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  • Writer's pictureHinton Magazine

Edinburgh Fringe Fest - String V SPITTA

every kid within a 5-mile radius of the Kings Road wants charming, classical musician Silly String (Ed MacArthur – Dreamland, Bad Education), and his Silly Songs. Meanwhile, SPITTA (Kiell Smith-Bynoe – Ghosts, Taskmaster), is a Grime bar spitting maverick from East London who’s shaken up the kids entertainment scene. In String V SPITTA, these two big hitters of the children’s entertainment circuit are forced to put aside their rivalry, swallow their pride and perform as a double act in a once in a lifetime booking: little Anastasia’s sixth birthday party. And you’re invited.

Kiell and Ed took some time out of their busy schedules to tell us more about their characters of String and SPITTA, their successful Soho Theatre run and some sound advice from Simon Farnaby…

Audiences may know you both from TV – what brings you to live comedy?

Ed: Our live act’s been going for nearly seven years, so if anything, the question should be, ‘what brings you both to TV after all this time in live comedy?’. The answer? Money.

Kiell: I’m actually in live comedy for the money and TV is because of my love for the arts.

Although the show is set at a children’s party, it does touch on some serious themes; in particular class. Tell us a bit more about that?

Ed: Our characters allow us to talk about serious things but in a very silly, very frothy way. Playing an elitist classical musician like Mr. String is strangely thrilling. The more snobbish and derisory he is about MC SPITTA and Grime, the more the crowd seem to enjoy it.

Kiell: It was important to us to use the time on stage to make some kind of commentary. Not necessarily a message that you have to take home but something to think about other than how fast I can make a balloon dog.

The show has already had a very critically successful run at London’s Soho Theatre – do you think the Edinburgh audiences will react in the same way, or find different things to love?

Ed: We're always tweaking and upgrading, plus we tend to improvise and play around with it every night anyway. I do this because it’s a compelling creative choice. Kiell does it because he’s never truly learnt the script.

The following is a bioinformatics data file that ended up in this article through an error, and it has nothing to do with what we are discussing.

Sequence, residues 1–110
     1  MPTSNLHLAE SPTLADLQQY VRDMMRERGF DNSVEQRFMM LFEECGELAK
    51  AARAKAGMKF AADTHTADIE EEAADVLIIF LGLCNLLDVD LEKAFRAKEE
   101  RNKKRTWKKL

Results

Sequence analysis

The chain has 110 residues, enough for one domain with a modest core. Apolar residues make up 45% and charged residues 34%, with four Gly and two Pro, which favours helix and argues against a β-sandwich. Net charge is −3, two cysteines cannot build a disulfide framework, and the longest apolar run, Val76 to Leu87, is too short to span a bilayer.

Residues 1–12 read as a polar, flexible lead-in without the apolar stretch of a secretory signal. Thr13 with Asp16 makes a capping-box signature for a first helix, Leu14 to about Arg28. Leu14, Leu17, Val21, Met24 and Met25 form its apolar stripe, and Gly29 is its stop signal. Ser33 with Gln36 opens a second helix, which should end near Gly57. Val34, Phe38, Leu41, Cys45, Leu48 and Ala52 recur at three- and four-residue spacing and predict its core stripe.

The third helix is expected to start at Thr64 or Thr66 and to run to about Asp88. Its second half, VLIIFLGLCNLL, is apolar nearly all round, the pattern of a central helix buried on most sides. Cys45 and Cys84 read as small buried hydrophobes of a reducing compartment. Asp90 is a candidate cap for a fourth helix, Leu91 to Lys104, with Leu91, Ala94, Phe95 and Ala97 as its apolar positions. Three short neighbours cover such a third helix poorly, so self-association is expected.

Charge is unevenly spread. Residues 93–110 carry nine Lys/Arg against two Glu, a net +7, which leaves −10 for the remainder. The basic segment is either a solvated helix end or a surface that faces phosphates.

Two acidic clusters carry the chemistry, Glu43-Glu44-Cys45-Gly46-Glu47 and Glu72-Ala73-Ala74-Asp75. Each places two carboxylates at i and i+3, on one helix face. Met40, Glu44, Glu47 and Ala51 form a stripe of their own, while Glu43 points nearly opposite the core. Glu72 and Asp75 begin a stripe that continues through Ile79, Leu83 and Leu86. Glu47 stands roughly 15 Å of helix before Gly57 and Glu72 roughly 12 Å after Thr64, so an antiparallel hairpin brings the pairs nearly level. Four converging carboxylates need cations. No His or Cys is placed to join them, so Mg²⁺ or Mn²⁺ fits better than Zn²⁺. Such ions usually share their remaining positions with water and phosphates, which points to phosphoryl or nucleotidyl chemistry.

Kiell: The script is only a guide though, isn’t it? That’s what Simon Farnaby says. People keep coming back because they love the characters but they also get to see them thrown something new each night.

Is there everything you’d normally find at a children’s birthday party in the show? Songs, games, magic?

Ed: All of the above. Kiell and I were both actually children’s entertainers when we first moved to London, so we’re drawing on years of experience, observation and humiliation.

Kiell: Aw that sounds like we moved from the country together to make it in the big city. To be clear only one of us waits for a green man at the zebra crossing.

Lastly, how do you think Mr String would do on Taskmaster?

Ed: Very, VERY badly. If I may praise a fellow colleague, Kiell was brilliant on Taskmaster because he’s excellent under pressure, he’s always in the moment and he’s naturally free from concern, much like a very young, very small child in that respect. Whereas myself and String are uptight and anxious, preferring extreme preparation and leaving nothing to chance. That show rewards the Kiellian approach of living by your wits.

Kiell: Did you just think of that just now? What a talent. I can’t wait to get back on the stage with you man.

String V SPITTA will be performed at the Pleasance Courtyard (Above) at 8pm from the 18th – 26th August


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